You may recognise the brand name Nationwide first and foremost as a building society - it is, after all, the largest building society in the world and bigger than all the other UK building societies put together.
Unlike many other UK building societies, however, Nationwide remains faithful to its roots and is still a mutual society - that is to say, it continues to be owned by its members, rather than shareholders. Nevertheless, it has expanded its product range to include all manner of financial services, including personal insurance.
The society's roots may be traced back to the very origins of the cooperative or mutual movement in Wiltshire as early as 1846, to Northampton in 1848 and finally to London in 1883.
In common with practically every other member of the cooperative movement there followed a whole tide of mergers and acquisitions. This culminated with the formation of the Cooperative Permanent Building Society, which in turn was renamed the Nationwide Building Society in 1970.
Nationwide scored a number of firsts during the 1990's - the first building society to issue a Visa/Delta debit card (in 1991) and the first provider (amongst both building societies and banks) to offer internet banking services, in 1997.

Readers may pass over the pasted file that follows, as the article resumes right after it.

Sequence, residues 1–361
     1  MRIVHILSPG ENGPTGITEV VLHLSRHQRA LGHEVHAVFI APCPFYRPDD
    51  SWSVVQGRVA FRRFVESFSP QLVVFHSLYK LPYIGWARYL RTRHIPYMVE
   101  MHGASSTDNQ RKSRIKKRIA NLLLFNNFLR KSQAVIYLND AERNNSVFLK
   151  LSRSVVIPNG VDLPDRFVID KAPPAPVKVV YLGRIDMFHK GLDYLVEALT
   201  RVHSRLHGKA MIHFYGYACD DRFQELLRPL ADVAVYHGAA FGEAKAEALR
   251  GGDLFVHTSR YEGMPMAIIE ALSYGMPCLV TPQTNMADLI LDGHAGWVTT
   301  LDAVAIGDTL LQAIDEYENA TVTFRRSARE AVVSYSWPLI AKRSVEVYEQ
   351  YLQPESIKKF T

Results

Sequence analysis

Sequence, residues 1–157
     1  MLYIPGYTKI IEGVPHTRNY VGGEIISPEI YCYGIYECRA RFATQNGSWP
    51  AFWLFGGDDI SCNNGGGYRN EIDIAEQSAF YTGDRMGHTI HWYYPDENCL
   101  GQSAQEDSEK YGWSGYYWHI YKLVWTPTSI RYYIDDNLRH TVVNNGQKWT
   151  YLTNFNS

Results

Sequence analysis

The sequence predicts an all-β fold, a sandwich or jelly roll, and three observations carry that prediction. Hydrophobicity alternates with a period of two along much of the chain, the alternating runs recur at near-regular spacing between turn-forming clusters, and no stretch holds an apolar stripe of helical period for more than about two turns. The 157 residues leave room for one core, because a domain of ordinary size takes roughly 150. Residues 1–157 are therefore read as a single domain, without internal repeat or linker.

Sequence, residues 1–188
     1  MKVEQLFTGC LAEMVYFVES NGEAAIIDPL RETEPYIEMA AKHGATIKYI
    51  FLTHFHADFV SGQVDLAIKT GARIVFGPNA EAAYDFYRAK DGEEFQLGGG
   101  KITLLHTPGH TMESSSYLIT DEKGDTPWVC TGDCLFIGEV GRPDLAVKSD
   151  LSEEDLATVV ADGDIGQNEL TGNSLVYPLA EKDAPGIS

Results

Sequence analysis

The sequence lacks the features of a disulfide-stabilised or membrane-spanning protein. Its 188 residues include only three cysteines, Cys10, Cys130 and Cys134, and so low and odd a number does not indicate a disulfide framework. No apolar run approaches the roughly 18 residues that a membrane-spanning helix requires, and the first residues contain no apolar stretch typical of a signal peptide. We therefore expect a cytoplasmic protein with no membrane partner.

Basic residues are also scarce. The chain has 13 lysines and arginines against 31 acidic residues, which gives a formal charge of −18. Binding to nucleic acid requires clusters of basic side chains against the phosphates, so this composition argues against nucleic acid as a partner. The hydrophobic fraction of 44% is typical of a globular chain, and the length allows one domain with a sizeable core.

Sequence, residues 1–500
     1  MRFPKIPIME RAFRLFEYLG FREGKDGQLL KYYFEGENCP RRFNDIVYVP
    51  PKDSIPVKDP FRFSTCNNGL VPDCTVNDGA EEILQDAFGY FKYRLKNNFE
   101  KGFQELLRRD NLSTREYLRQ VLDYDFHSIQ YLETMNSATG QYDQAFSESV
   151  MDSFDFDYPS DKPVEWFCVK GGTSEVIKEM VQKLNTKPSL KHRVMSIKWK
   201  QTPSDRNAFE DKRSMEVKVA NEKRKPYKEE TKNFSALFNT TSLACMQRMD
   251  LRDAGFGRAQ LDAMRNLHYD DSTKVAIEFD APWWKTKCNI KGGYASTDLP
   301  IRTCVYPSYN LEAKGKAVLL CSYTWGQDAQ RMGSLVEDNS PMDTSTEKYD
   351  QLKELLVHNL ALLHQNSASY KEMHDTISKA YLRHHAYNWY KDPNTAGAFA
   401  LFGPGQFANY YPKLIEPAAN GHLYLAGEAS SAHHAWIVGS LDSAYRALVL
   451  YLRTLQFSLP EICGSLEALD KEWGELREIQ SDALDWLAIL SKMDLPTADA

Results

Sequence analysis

During the 1990's, when many other building societies were scrambling to shed their mutual status in favour of public listing on the stock exchange, and despite some rebellion amongst its own members, Nationwide remained fiercely proud to retain its status as a mutual society.
According to its own research, Nationwide's website attracts around 4.5 million visitors a month, with more than 1.9 million customers, which of course includes those buying the company's landlord insurance.
Standard features of those policies provide what most landlords might regard as comprehensive cover:
- building insurance that covers not only conventional risks such as flooding, fire and storm damage, but accidental damage, too;
- loss of rental income in the event of an insured risk (up to 20% of the total building sum insured);
- alternative accommodation costs in the event of an insured risk (up to 20% of the total building sum insured);
- up to £2 million property owners liability cover;
- legal expenses of up to £100,000; and
- access to a 24/7 helpline.
Depending on your circumstances and the nature of your let property, you might also want to consider Nationwide's optional extras, which currently include increasing your property owners liability by a further £5 million, the inclusion of risks of subsidence of the building, cover against terrorist acts, employers liability, and/or cover for your contents of the property.
Since this mutual society has no shareholders and, therefore, no dividends to pay to them, you may find that you are able to pay less for more for your Nationwide landlord insurance.